58
conditions (Bridgeman, 1980). For sure, the impulsivity label was considered powerful
by some (Kagan, 1965; Kagan, 1966) and appealing by others (Hedberg & McNamara,
1985). However, some researchers (Ayabe, 1973; Bridgeman, 1980; Campbell & Davis,
1982) found that some weakness exists in the outcome of using classification as it relates
to discriminant validity and generalizability. In other words, there appears that some
evidence of loss of power, due to a corresponding loss of independence of traits in the
subjects tested in certain studies. The criterion used to justify discriminate validity in the
identification of a classification method or methods, which measure a discrete trait to the
exclusion of others (Campbell & Fiske, 1959). An additional problem in using this
classification is that it appears to be more heavily weighed down by the errors subjects
made than latency itself (Ayabe; Block et al., 1974). Further, there is an indication that
many studies failed to yield consistent findings in an ecological (i.e., classroom) setting
due to inconsistencies with the exact definition of impulsivity (Campbell & Davis).
Lastly, previous studies systematically excluded females. Some researchers went
so far as to suggest that gender differences were so extreme that they would skew the
results (Caimes & Cammock, 1984). The current study looked at gender differences to
see if the same rationale is still justified.
Factors From Film and Television That May Affect Learning
Preconceived Mental Demands
Salomons (1984) with mental effort appears to confirm the idea that learning that
is or is not realized by a medium can be influenced by ones previous experiences with
that medium by coloring student preconceptions about the mental demands being placed
on them by that medium. In his studies, students reported that they exerted more effort


113
When considering gist memory, the means table indicates that the scores
improved as the presentation speed got faster. The analysis of variance reveals that these
differences were significant at the .05 level. Because there were three presentation groups
being compared, a follow-up test was run to pin-point where the significant differences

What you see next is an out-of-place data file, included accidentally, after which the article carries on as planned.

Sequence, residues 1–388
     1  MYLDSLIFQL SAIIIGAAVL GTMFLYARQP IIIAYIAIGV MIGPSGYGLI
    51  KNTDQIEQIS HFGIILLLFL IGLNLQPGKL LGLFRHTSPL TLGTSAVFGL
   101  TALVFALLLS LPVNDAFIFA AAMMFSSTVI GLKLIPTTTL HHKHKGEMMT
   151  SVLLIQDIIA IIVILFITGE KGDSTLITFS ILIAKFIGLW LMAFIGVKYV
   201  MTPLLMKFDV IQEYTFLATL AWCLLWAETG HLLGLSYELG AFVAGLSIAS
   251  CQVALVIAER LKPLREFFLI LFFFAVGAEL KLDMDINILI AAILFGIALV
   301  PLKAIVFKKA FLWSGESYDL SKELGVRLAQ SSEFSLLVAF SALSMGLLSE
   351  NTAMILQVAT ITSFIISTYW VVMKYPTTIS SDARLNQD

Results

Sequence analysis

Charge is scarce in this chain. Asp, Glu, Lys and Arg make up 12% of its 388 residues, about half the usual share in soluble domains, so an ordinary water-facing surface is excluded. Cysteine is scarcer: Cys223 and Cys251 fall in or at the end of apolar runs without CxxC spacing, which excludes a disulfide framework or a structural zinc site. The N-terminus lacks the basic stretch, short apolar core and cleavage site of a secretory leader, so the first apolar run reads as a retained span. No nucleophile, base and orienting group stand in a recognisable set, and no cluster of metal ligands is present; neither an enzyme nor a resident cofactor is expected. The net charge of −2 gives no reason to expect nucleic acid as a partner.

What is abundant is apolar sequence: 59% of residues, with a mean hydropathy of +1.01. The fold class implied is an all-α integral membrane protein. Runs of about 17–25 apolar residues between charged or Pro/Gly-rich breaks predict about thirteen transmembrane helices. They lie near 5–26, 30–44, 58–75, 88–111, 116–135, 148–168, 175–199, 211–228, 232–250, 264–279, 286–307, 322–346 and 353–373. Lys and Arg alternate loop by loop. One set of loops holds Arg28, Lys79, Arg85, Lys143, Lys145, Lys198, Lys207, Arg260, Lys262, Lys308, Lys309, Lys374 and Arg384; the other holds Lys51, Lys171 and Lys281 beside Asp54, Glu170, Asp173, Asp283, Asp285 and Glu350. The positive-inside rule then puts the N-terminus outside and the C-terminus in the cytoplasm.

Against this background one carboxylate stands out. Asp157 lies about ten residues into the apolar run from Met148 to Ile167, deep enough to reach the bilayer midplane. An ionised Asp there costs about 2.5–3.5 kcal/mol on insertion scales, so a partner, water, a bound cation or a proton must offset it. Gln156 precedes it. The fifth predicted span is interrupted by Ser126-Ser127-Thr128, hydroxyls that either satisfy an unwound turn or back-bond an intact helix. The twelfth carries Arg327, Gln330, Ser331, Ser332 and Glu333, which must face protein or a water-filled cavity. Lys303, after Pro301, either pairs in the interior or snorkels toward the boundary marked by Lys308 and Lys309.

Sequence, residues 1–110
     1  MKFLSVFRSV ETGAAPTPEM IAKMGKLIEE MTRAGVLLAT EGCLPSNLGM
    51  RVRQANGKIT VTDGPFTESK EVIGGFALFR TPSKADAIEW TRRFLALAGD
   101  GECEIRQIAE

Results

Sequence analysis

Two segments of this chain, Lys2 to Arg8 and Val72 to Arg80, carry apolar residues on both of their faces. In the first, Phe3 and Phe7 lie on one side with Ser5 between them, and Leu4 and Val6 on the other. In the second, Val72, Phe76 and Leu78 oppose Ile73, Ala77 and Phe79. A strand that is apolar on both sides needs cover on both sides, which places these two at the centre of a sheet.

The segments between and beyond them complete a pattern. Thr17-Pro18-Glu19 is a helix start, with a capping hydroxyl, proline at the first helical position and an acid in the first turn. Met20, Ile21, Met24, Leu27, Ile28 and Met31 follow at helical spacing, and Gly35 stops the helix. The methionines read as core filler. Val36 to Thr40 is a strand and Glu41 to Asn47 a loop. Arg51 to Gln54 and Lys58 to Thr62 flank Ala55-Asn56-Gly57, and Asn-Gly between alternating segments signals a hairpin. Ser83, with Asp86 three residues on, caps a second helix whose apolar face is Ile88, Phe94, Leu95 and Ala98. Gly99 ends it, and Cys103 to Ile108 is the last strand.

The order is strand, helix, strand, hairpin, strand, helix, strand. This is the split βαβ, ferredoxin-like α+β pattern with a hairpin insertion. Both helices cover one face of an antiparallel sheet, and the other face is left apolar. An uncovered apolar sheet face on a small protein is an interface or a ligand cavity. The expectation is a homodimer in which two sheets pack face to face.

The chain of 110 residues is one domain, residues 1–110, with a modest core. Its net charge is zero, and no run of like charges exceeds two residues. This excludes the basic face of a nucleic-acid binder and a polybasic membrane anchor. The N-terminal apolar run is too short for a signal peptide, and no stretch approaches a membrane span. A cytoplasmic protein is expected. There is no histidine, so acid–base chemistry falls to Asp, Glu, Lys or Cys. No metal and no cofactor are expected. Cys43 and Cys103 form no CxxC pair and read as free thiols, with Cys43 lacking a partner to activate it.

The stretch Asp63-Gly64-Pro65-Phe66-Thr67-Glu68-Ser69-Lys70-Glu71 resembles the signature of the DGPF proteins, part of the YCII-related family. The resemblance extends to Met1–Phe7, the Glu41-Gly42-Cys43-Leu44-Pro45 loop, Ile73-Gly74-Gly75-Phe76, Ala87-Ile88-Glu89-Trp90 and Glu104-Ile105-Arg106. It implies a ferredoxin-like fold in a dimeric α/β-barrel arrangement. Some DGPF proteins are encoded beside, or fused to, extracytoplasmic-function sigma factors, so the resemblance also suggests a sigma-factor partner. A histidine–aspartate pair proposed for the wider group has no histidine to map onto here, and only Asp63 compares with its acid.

existed. The Bonferroni test shows that the significant difference between test scores
exists between the fasted and the slowest presentation speeds, while the differences
between the other two groups (fast-medium and medium-slow) were not significant. The
difference only mattered when one compares the two extremes of the presentation speeds.
Cognitive Style
By definition, reflective individuals were expected to score better on tests than
impulsives. The means and standard deviation table used confirms that this assumption
held true in this study as well. Reflective subjects did score significantly better in the
overall test scores in which the verbatim and gist questions were combined. However, in
a separate analysis in which the verbatim and gist scores were viewed separately, the
differences for verbatim memory were found to be not significant at the (p>.05) level. On
the other hand, there was a significant difference in gist memory when considering
cognitive style.
The mean number of overall correct responses for impulsive subjects was 11.92
out of a possible 25 (approximately 48%). For reflective subjects, the overall mean was
13.29 correct responses out of 25 questions (approximately 53%). The descriptive
statistics are more revealing when verbatim and gist scores are separated. When looking
at the verbatim scores alone, impulsive subjects scored an average of 6.77 out of 15
possible verbatim responses (approximately 45%). Reflective subjects correctly answered


97
The next chapter will report the results of these tests. The statistics will be
presented in both narrative and table form, leading to the subsequent chapters where the
results will be analyzed and discussed with regards to the kinds of inferences that may be
made.


128
Cronbach, L. J. & Snow, R. E. (1977). Aptitudes and instructional methods: A handbook
of research on interactions. New York: Irvington.
Crowder, R. G. (1976). Principles of learning and memory. Hillsdale, NJ: Lawrence
Erlbaum Associates.
Dale, E. (1969). Audiovisual methods in teaching. New York: Holt, Rinehart & Winston.
Davis, E. T., Scott, K., Pair, J., Hodges, L.F., & Oliverio, J. (1999). Can audio enhance
visual perception and performance in a virtual environment? Paper presented at
the Human Factors and Ergonomics Society-43rd Annual Meeting, Los Angeles,
CA.
Dick, A. O. (1973). Utilization of visually presented information: Final Report.
Washington, DC: National Center for Educational Research and Development.
(ERIC Document Reproduction Service No. ED 078 365).
Dixon, N. F. (1981). Pre-conscious processing. New York: John Wiley & Sons.
Downs, E. (1989). The effects of cueing strategy, level of information, and motion
condition on children's interpretation of implied motion in pictures. (Doctoral
Dissertation, University of Florida, 1989). Dissertation Abstracts International,
51 (03), 0792A.
Durso, F. T. & Johnson, M. K. (1979). Facilitation in naming and categorizing repeated
pictures and words. Journal of Experimental Psychology: Human Learning and
Memory, 5(5), 449-459.
d'Ydewalle, G., & Vanderbeeken, M. (1990). Perceptual and cognitive processing of
editing rules in film. In R. Groner, d'Ydewalle, G., Parham, R. (Ed.), From Eye to
Mind: Information Acquisition in Perception, Search, and Reading (pp. 129-139).
Amsterdam: Elsevier Science Publishers, B.V.
Ederlyi, M. H. (1985). Psychoanalysis: Freud's cognitive psychology. New York: W. H.
Freeman.
Edgar, G. K. (1997). Visual accommodation and virtual images: Do attentional factors